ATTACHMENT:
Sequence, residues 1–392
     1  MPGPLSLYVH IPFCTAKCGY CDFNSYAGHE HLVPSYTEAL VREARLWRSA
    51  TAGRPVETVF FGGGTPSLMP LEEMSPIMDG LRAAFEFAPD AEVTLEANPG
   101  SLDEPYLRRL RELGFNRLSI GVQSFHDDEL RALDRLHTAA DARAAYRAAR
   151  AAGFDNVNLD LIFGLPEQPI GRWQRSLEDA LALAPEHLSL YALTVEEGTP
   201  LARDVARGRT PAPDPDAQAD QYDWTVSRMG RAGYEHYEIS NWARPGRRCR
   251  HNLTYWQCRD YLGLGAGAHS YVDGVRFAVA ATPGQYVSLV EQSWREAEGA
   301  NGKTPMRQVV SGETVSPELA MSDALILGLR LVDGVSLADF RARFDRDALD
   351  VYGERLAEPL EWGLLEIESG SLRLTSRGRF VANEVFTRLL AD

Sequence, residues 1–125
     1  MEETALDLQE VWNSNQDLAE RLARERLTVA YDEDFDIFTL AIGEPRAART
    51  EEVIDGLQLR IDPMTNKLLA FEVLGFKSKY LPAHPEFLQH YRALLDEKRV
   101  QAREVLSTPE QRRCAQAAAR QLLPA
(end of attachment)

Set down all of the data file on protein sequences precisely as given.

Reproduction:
Sequence, residues 1–392
     1  MPGPLSLYVH IPFCTAKCGY CDFNSYAGHE HLVPSYTEAL VREARLWRSA
    51  TAGRPVETVF FGGGTPSLMP LEEMSPIMDG LRAAFEFAPD AEVTLEANPG
   101  SLDEPYLRRL RELGFNRLSI GVQSFHDDEL RALDRLHTAA DARAAYRAAR
   151  AAGFDNVNLD LIFGLPEQPI GRWQRSLEDA LALAPEHLSL YALTVEEGTP
   201  LARDVARGRT PAPDPDAQAD QYDWTVSRMG RAGYEHYEIS NWARPGRRCR
   251  HNLTYWQCRD YLGLGAGAHS YVDGVRFAVA ATPGQYVSLV EQSWREAEGA
   301  NGKTPMRQVV SGETVSPELA MSDALILGLR LVDGVSLADF RARFDRDALD
   351  VYGERLAEPL EWGLLEIESG SLRLTSRGRF VANEVFTRLL AD

Sequence, residues 1–125
     1  MEETALDLQE VWNSNQDLAE RLARERLTVA YDEDFDIFTL AIGEPRAART
    51  EEVIDGLQLR IDPMTNKLLA FEVLGFKSKY LPAHPEFLQH YRALLDEKRV
   101  QAREVLSTPE QRRCAQAAAR QLLPA